Two different family-based therapies are both effective at combating anorexia nervosa in teenagers, according to the largest study ever to compare two such treatments for the life-threatening eating disorder.
The findings, from a multisite study led by researchers at the Stanford University School of Medicine, add to a growing body of evidence supporting the value of parents' involvement in anorexia treatment.
The results, which will be published Sept. 24 in JAMA Psychiatry, follow prior Stanford research that found a family-based approach was twice as effective as individual therapy for treating adolescent anorexia patients.
"The take-away message for parents is that, first, there is good treatment available for their child who is struggling with anorexia," said Stewart Agras, MD, professor emeritus of psychiatry and behavioral sciences at Stanford and the lead author of the new study. "Second, the preferred treatment is family-based therapy in which parents help their child regain weight."
Anorexia nervosa patients suffer distorted body image, erroneously believing they are overweight. They overexercise and refuse to eat enough to maintain a healthy body weight. The disease, which affects about 0.5 to 0.7 percent of adolescent girls, has one of the highest suicide rates of any psychiatric disorder.
Involving, not blaming, families
"For a long time, people blamed families for causing anorexia and thought they should be left out of treatment," said James Lock, MD, PhD, professor of psychiatry and behavioral sciences at Stanford and a co-author of the study. "But this study suggests that, however you involve them, families can be useful, and that more focused family treatment works faster and more cost-effectively for most patients." Lock directs the Comprehensive Eating Disorders Program at Lucile Packard Children's Hospital Stanford.
The study, a randomized, controlled trial of 164 patients conducted at six sites in the United States and Canada, compared two forms of anorexia treatment that involved regular therapy sessions with adolescents and their families. One approach focused on teaching parents to help their children eat normally and regain weight at home. The other therapy attempted to resolve difficult family dynamics. Both therapies produced similar rates of recovery from anorexia, but patients treated with the first approach gained weight faster and needed less hospitalization, the study found.
The patients were ages 12-18 and had been ill with anorexia for an average of 13.5 months. At the start of the study, all patients had body weights of at least 75 percent of what was considered ideal, meaning that physicians considered it safe for them to receive outpatient treatment. Nearly 90 percent of the patients were female. All had at least one parent who agreed to participate in treatment, which consisted of 16 one-hour therapy sessions over a nine-month period. The success of the treatments was evaluated at the end of the nine-month period and again a year later.
In both forms of family therapy, patients experienced similar weight gain by the end of treatment and at the one-year follow-up. The therapy that focused on teaching parents to help their children eat normally again was about half as expensive as the family-dynamics approach, mostly because patients spent less time in the hospital. However, the therapy that focused on family dynamics was more effective for one specific sub-group of patients: those who also had severe symptoms of obsessive-compulsive disorder.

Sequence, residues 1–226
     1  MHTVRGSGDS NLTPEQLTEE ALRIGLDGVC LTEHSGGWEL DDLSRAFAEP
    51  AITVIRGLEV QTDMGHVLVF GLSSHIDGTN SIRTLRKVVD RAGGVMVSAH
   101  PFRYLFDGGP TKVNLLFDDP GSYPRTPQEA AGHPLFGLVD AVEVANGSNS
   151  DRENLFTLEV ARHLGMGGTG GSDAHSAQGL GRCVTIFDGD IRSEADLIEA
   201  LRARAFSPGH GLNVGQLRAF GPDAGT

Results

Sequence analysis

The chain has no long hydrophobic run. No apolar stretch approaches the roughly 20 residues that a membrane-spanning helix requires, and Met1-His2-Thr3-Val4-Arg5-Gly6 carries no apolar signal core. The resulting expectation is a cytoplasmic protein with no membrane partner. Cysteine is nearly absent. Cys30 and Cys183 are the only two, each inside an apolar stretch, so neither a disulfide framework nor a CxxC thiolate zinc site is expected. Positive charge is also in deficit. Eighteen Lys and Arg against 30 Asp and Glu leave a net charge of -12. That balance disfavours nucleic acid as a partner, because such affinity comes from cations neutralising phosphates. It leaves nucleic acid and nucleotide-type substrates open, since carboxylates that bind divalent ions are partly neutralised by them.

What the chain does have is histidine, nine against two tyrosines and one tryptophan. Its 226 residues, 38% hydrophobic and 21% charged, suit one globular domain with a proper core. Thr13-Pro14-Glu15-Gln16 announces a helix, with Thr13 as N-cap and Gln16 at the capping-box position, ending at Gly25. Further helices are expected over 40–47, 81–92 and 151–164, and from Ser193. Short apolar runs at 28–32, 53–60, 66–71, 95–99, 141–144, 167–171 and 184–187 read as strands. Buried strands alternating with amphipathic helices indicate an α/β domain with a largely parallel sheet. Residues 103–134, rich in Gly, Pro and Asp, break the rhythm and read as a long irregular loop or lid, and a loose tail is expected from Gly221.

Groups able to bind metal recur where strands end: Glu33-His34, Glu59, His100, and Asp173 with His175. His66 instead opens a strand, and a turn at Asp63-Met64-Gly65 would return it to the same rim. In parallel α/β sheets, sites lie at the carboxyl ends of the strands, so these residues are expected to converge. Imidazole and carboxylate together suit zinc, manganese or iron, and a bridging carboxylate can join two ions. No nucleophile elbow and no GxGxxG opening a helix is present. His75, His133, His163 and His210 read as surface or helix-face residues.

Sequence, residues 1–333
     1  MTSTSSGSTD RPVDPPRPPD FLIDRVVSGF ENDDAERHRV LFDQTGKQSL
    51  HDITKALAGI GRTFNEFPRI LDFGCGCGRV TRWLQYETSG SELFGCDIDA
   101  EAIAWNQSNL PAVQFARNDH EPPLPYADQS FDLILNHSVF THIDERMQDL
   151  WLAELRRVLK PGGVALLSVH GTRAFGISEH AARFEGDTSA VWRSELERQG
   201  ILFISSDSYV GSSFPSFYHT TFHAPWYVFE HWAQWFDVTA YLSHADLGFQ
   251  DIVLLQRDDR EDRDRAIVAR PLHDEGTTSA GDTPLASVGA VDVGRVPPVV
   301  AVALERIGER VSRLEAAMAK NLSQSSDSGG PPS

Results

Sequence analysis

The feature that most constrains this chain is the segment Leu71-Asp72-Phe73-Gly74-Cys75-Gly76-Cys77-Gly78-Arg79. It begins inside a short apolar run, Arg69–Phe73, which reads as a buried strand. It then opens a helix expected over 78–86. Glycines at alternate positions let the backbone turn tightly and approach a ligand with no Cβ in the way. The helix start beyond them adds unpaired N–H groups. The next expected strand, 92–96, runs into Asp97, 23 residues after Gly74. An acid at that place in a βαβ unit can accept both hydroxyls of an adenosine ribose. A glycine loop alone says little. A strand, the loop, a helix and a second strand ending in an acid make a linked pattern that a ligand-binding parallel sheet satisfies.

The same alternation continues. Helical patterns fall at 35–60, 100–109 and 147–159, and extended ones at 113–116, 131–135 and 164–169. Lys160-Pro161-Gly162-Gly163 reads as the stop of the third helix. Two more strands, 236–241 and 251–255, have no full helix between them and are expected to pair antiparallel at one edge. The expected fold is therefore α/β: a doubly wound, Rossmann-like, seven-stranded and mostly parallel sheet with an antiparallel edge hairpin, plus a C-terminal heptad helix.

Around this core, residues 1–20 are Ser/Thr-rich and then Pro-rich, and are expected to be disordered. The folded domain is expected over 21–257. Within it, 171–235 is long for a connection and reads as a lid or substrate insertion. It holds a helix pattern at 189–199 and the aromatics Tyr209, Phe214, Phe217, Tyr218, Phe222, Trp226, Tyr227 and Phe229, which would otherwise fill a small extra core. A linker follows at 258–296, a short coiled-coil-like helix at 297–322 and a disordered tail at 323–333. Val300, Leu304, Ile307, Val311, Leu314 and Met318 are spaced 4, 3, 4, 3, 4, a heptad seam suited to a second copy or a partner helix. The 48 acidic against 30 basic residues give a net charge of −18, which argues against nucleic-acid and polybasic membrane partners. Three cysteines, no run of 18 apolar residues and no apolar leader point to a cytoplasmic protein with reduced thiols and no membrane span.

Hope for long-term remission
Lock, who has conducted several prior studies of the therapy that teaches parents to help their children eat normally again, said he thinks this approach works by interrupting the patient's behaviors that are supporting erroneous thinking patterns. "We think that parents are able to disrupt the maintaining behaviors of anorexia long enough that the thoughts and cognitions that go with the disease diminish," he said. "At that point, the cognitions themselves have very little staying power."
Addressing anorexia during the teenage years offers the best hope for long-term remission, Agras said. "The longer anorexia goes on, the more difficult it is to treat," he said. "A great many people live chronically restricted lives because of this disease — they plan their days around undereating and overexercise — and quite a few die. The idea is to treat the disorder in adolescence to prevent more adults from becoming anorexic."
Other Stanford co-authors of the study are statisticians Susan Bryson, MS, and Booil Jo, PhD, associate professor of psychiatry and behavioral sciences. Lock is a member of the Child Health Research Institute at Stanford.
The study's coordinating center was at Stanford, and the other intervention sites were at Weill Cornell Medical College in New York City, Sheppard-Pratt Medical Center in Baltimore, the University of California-San Diego, the University of Toronto and Washington University in St. Louis.
The study was funded by the National Institute of Mental Health (grants 1U01MH076290, MH076254, MH076251, MH076250, MH076255 and MH076252).
Agras and Lock receive royalties from Oxford University Press for contributions to a textbook about eating disorders. Lock also receives royalties from Guildford Press for books he has written about family-based treatment for anorexia nervosa and bulimia nervosa, and payments from the Training Institute for Child and Adolescent Eating Disorders, where he is a faculty member who trains other clinicians in evidence-based treatment methods for eating disorders.
Information about Stanford's Department of Psychiatry and Behavioral Sciences, which also supported the work, is available at http://psychiatry.stanford.edu/.
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